2011 Miami Art Week Preview
ArtDistricts, December 2011

Zadok exhibits complement Miami Art Week
Zadok Gallery Article
ArtDistricts, December 2011

The weight of Maurizio Cattelan’s “All”
Italian New York, November 28, 2011

Whitespace: A space where life meets art and talent emerges
Art Districts, October/November 2011

Photo Salon show offers fresh take on Florida views
Palm Beach ArtsPaper, October 2011

Norton Museum of Art unveils congenial set of changes
Palm Beach ArtsPaper, October 2011

Boca Raton museum director looks to community for inspiration
ArtDistricts Magazine, August/September 2011

‘Pop-up’ show reveals health of area contemporary art scene
Palm Beach ArtsPaper, June 2011

Vickrey’s world too fragile for the real one
Palm Beach ArtsPaper, June 2011

Writing poetry with his camera lens
Italian South Florida, May 2011

Hudson River painters captured glory of a rising nation
Palm Beach ArtsPaper, March 2011

Fine art fair draws different crowd to the Convention Center
Palm Beach ArtsPaper, February 2011

California Impressionists captured optimistic moment in time
Palm Beach ArtsPaper, February 2011

Art Palm Beach offers trip down rabbit hole into art Wonderland
Palm Beach ArtsPaper, January 2011

Art fairs bring aesthetics, learning to Palm Beach
Palm Beach ArtsPaper, January 2011

Art world converges on Miami Beach for Art Basel ‘party’
Palm Beach ArtsPaper, November 2010

For Adami, everything is allegory
Palm Beach ArtsPaper, November 2010

Boxer exhibit shows painter’s love affair with abstraction
Palm Beach ArtsPaper, May 2010

Norton’s contemporary art deserves its own space
Palm Beach ArtsPaper, March 2010

Exhibit of works on paper shows another side of Cassatt
Palm Beach ArtsPaper, February 2010

Erbe show offers reminders – good and bad – of bygone America–-good-and-bad-–-of-bygone-America.html
Palm Beach ArtsPaper, September 2009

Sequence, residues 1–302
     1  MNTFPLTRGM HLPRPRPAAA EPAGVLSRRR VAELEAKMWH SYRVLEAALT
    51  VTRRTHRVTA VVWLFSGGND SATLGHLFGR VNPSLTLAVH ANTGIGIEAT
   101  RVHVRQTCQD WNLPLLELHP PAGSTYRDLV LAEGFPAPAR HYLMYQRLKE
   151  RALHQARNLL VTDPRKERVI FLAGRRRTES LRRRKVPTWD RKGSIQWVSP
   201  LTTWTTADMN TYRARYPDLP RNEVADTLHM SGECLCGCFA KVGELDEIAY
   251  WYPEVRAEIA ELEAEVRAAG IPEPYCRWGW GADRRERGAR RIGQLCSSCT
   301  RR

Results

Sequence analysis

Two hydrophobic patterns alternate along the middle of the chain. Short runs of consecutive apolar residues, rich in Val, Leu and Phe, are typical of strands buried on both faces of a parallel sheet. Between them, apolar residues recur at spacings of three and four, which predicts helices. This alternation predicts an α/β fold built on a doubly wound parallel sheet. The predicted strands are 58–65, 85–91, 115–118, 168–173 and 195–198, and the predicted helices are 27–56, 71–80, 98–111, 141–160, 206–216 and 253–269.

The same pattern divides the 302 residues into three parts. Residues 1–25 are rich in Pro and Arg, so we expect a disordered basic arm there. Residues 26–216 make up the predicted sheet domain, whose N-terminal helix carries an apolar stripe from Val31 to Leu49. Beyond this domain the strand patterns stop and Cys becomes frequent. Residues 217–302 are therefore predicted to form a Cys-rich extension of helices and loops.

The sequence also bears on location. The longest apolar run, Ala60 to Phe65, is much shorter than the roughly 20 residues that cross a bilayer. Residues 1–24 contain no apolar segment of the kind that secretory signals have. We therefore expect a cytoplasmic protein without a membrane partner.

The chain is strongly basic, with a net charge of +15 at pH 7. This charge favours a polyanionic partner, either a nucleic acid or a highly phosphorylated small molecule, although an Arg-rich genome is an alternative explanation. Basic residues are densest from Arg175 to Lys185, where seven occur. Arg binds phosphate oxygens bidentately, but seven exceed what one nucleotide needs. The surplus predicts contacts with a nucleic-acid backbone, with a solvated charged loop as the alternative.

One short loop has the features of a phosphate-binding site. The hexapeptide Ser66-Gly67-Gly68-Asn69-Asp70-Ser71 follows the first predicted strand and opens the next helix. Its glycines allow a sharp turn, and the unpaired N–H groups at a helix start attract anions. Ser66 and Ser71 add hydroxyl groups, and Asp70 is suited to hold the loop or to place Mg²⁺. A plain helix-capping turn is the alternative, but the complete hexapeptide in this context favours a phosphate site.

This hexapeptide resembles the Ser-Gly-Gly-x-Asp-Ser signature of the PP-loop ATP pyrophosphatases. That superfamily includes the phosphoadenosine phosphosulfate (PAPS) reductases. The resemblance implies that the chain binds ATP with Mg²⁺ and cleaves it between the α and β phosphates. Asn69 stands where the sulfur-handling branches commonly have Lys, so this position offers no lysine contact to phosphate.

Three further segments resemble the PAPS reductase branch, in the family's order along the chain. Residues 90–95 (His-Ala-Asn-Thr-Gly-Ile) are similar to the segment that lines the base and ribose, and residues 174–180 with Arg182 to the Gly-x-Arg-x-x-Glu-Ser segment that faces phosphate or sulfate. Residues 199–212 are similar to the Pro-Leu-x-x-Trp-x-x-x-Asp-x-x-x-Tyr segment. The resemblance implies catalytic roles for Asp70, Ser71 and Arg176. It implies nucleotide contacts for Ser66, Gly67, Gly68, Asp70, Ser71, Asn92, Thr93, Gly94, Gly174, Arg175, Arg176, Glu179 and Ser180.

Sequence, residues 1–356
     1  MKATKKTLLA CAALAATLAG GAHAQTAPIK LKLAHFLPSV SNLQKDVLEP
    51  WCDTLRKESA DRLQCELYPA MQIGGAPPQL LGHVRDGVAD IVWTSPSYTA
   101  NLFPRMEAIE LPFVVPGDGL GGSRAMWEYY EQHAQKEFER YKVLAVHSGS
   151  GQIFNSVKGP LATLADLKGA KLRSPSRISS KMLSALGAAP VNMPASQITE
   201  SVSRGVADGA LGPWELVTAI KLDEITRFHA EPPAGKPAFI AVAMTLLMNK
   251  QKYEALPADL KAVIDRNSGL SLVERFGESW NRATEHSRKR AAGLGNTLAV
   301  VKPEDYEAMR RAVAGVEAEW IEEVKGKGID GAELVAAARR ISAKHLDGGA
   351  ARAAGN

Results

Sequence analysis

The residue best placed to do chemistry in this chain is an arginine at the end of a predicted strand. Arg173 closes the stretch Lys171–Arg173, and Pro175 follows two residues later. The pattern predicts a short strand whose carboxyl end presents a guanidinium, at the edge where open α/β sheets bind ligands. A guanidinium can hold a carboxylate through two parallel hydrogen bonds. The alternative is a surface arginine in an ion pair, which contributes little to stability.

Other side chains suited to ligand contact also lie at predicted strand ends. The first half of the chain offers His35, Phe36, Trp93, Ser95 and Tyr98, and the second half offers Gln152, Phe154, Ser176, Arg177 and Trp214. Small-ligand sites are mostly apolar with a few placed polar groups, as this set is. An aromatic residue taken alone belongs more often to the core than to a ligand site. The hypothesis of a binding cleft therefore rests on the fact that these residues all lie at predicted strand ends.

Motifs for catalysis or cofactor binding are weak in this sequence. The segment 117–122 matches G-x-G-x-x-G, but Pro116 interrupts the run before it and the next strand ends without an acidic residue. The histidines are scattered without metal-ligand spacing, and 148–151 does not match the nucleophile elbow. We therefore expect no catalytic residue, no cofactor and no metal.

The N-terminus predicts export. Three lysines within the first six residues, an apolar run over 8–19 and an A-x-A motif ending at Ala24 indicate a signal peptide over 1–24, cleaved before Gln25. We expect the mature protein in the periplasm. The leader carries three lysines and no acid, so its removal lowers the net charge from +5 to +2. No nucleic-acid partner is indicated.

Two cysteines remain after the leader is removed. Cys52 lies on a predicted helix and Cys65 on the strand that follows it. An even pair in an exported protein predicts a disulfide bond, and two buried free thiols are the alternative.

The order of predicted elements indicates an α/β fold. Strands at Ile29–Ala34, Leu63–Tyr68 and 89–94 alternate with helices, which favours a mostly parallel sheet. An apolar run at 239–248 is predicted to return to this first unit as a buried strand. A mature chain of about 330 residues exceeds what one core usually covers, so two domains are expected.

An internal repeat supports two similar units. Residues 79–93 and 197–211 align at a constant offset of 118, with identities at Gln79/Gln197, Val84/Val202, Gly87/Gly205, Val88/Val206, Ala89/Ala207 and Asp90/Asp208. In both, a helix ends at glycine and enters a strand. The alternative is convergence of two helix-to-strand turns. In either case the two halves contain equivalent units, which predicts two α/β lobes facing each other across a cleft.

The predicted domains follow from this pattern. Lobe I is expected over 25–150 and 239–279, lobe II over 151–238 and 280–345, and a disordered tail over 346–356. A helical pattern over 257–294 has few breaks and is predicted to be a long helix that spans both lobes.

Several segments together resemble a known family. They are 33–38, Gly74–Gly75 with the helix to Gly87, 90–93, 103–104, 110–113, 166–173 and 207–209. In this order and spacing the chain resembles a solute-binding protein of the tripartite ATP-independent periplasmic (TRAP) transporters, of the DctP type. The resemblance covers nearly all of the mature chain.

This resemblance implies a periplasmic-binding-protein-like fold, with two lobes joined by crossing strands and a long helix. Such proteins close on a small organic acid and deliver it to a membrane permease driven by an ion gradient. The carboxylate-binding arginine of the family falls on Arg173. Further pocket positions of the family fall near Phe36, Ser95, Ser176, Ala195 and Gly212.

Lyrical Abstraction show demonstrates resilience of American painting
Palm Beach ArtsPaper, June 2009

Andrew Stevovich/Cleve Gray at the Boca Raton Museum of Art
Palm Beach ArtsPaper, April 2009

American Impressionism at The Four Arts Society
Palm Beach ArtsPaper, March, 2009

It’s All About Things/Luis Maldonado
The Scarsdale Inquirer, April, 2005

April Gornik: Mid-Career Survey at The Neuberger Museum of Art
The Scarsdale Inquirer, January, 2005

Written by Jenifer Mangione Vogt

January 24, 2014 at 11:40 am

A Beautiful Gift from Andrew Stevovich

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Andrew Stevovich  Chocolate Truffles

Chocolate Truffles, 2013, Andrew Stevovich

If you follow my blog and writing, you know that Andrew Stevovich is one of my favorite American artists.  I was first introduced to Andrew’s work in 2009 when I reviewed his show at the Boca Raton Museum of Art.  It was love at first sight.  I sat on the bench in the center of the exhibit fascinated.  I even recall the conversation I had with the museum docent where we spoke about Andrew’s work, the stillness and surface aspect of it, in comparison to early-Renaissance artists, like Giotto.

A few months ago, I posted about one of Andrew’s new works, “Chocolate Truffles.”  From the moment he began posting the preliminary drawings for this work on his Facebook page, I was entranced. For me, capturing that moment before the woman puts the truffle in her mouth is representative of so many issues.  I wonder if she’s feeling guilty?  I wonder if she’s savoring the moment?  I wonder if she’s torn between desire and self-discipline?  I wonder if the truffles were a gift from a lover?

A few days ago, I received the best gift an art writer could ever get.  Andrew sent me one of the preliminary sketches of “Chocolate Truffles” (pictured here).  This lovely gift brought tears to my eyes.  First, it’s incredibly kind and thoughtful of him, and I’m finding as I get older that thoughtfulness, kindness and appreciation mean so much to me.  Second, for me as a thyroid cancer survivor who battles weight issues, there doesn’t seem to be a more perfect gift than a work that embodies the momentary dilemma between indulgence and restraint.  I fight this battle every day!   And then, there’s a little bit of the silliness factor: I just happen to love truffles.  I really do.  I used to order them from New York when I discovered I couldn’t get my favorite brand here in Florida.